Reader Friday: Favorite Villain

Imagine yourself in a prison visiting room, with a petition of plexiglass between you and a fictional villain.

Who’s sitting across from you?Β Why did you choose to interview this villain?

What’s the first question you’d ask?


If your favorite villain is still loose on the street, where are you conducting the interview? Do you feel safe? Why/why not?

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About Sue Coletta

Member of MWA, Sisters in Crime, and ITW, Sue Coletta is an award-winning crime writer of psychological thrillers. She also writes true crime: PRETTY EVIL NEW ENGLAND hits bookstores by Nov. 1, 2020 (Globe Pequot, trade division of Rowman & Littlefield). Feedspot & honored Sue's blog with the Top 100 Crime Blogs on the Net award (Murder Blog sits at #5). Learn more about Sue and her books at

14 thoughts on “Reader Friday: Favorite Villain

  1. My favorite villain isn’t from a book. It’s Khan Noonien Singh, brilliantly played, twice, by Ricardo Montalban. I can’t interview Khan because he got his and was blown to bits.

    Unless, by his superior intellect (his own words) he has managed to regenerate himself once again in the Genesis blast and is coming back for round three. I wouldn’t lay odds he can’t do it. 😎

    I’m afraid I can’t think of any deep questions I would ask him at the moment. Mine would be more one that comes from awe, asking “What’s it feel like to be able to lift a man up off the ground with just one hand? How cool is that?” 😎

  2. Loki from the MCU.

    Because his emotional pain in the first Thor movie is exactly like mine as a child.

    I’d ask him if there was anything in the nine realms that truly made him happy.

  3. Brigid O’shaughnessy from The Maltese Falcon. I’d like to find out what made her tick, her background, what shaped her.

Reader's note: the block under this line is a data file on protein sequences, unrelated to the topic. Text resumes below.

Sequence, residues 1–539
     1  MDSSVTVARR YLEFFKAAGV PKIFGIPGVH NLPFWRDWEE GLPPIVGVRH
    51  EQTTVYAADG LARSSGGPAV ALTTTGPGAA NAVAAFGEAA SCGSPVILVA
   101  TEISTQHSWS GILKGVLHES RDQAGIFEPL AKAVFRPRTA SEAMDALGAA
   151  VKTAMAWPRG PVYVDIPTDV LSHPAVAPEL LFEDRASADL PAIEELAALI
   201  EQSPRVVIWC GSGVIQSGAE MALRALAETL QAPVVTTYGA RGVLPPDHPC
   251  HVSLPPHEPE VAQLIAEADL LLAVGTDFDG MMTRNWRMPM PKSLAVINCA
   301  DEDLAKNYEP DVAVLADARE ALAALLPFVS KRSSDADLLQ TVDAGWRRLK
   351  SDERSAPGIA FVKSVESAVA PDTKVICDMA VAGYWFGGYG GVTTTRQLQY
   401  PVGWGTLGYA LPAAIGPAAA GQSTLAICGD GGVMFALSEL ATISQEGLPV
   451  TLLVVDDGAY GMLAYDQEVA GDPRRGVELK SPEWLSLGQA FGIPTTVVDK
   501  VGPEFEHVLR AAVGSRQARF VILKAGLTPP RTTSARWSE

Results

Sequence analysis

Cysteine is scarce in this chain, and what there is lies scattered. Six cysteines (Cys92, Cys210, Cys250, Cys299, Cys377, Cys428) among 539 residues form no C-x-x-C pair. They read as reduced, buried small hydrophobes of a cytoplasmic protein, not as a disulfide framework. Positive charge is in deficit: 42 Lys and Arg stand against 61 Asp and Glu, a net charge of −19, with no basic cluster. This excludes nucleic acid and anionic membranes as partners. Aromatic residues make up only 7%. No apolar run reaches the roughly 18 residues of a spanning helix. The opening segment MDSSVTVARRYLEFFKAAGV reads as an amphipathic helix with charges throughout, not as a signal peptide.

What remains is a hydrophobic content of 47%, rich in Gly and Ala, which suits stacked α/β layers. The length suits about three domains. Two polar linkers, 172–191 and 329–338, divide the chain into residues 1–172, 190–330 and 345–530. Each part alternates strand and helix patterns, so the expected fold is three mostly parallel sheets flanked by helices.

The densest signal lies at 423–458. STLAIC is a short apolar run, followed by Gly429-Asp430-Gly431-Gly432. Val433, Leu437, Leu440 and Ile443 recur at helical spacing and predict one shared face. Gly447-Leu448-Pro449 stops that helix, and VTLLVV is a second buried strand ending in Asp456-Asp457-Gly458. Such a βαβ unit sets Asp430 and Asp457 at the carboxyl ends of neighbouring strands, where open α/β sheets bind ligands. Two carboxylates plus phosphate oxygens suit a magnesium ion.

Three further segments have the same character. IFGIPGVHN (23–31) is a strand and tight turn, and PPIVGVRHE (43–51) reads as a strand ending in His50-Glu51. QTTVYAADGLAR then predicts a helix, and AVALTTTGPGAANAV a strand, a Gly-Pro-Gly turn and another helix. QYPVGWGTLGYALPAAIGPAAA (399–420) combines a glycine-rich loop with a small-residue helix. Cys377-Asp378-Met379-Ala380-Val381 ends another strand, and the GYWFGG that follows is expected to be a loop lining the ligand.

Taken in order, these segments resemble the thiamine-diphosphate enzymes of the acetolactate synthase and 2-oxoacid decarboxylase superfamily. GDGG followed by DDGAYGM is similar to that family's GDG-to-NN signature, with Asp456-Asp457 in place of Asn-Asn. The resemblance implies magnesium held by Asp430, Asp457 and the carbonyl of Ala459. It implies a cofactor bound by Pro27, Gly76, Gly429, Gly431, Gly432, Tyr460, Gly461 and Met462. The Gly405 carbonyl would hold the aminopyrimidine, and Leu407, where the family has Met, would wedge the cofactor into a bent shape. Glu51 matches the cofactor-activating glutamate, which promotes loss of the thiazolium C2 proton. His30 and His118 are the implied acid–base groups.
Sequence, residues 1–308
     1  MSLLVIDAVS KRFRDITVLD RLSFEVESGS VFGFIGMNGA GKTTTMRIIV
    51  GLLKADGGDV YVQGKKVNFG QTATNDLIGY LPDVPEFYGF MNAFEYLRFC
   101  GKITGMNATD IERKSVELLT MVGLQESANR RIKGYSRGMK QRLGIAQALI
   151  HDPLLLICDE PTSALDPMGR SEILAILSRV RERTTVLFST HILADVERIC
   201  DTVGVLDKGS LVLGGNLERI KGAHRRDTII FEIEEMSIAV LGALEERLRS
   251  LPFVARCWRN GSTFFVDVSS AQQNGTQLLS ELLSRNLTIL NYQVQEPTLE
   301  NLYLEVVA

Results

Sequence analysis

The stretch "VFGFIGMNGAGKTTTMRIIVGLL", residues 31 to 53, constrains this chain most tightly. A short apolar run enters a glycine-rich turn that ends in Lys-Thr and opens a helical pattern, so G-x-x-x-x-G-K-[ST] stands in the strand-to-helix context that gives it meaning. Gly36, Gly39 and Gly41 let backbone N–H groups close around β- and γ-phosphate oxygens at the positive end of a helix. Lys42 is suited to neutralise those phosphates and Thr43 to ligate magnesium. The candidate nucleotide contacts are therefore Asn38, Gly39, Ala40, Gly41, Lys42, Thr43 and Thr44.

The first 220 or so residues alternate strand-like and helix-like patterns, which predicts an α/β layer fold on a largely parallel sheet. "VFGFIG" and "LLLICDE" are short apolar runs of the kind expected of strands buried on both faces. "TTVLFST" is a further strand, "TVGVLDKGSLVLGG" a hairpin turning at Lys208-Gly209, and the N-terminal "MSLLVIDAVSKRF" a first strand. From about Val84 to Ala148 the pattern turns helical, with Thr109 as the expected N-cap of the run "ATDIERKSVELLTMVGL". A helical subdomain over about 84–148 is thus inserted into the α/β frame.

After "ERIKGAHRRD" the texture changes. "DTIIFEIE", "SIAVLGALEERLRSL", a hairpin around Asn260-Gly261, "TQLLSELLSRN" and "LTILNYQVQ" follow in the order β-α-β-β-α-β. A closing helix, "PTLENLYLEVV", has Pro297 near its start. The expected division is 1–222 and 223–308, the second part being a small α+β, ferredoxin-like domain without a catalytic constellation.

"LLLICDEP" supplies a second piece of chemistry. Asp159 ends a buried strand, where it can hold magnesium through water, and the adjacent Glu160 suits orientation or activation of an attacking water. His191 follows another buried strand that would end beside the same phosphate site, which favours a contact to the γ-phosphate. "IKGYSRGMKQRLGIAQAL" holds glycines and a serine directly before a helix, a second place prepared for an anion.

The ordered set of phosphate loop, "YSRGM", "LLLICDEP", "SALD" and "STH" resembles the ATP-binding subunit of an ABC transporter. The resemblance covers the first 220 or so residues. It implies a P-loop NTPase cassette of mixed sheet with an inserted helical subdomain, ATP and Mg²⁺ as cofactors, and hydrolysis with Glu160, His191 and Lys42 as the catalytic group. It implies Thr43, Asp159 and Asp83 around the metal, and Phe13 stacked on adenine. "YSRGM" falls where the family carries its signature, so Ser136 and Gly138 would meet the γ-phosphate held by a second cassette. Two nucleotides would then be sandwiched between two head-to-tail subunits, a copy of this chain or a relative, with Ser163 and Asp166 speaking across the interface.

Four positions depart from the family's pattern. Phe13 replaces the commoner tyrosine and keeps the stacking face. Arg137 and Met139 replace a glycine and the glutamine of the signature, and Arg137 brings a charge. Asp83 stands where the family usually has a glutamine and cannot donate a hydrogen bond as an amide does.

Of course, she’d probably lie to me.

    BRIGID: β€œI am a liar. I have always been a liar.”

    SPADE: β€œDon’t brag about it.”

  4. I would have to ask Hannibal Lecter what led him to sampling the first bite of human flesh. And: do we taste like chicken? πŸ™‚

  5. Anton Chigurh from No Country for Old Men. I think of him as a human version of Jaws. My question would be Why?

  6. Director Orsen Krennic from Rogue One. The man is so remarkably and brilliantly human. You know exactly what his motivations are and you see how his total arrogance was his downfall.

    I have so many questions. The first comes from a place of sheer frustration, because I could see what was coming: “why couldn’t you swallow your pride enough to tell Darth Vader that there was a flaw in the Death Star and you knew where it was?”

    The second comes from wish fulfilment on my part: “after you realised the rebels had the plans and you were going to die anyway, did you hope the rebels took out Tarkin along with the Death Star?”

  7. Delores Claiborn had she been caught. A true villian at heart, but always for the right reasons is how I imagine she would perceive herself, Stephen King created a door to his readers’ psyches when he created Delores.

    This is exactly why I have a new class starting in October – “Dark Protagonist – How and Why Creat One?” For a change, I wanted to focus on the highly successful world of loathed literary protagonists, irrestible magnets that thrive on conflict while keeping the doors to their inner selves slammed shut. They mesmerize us in their tangled worlds.

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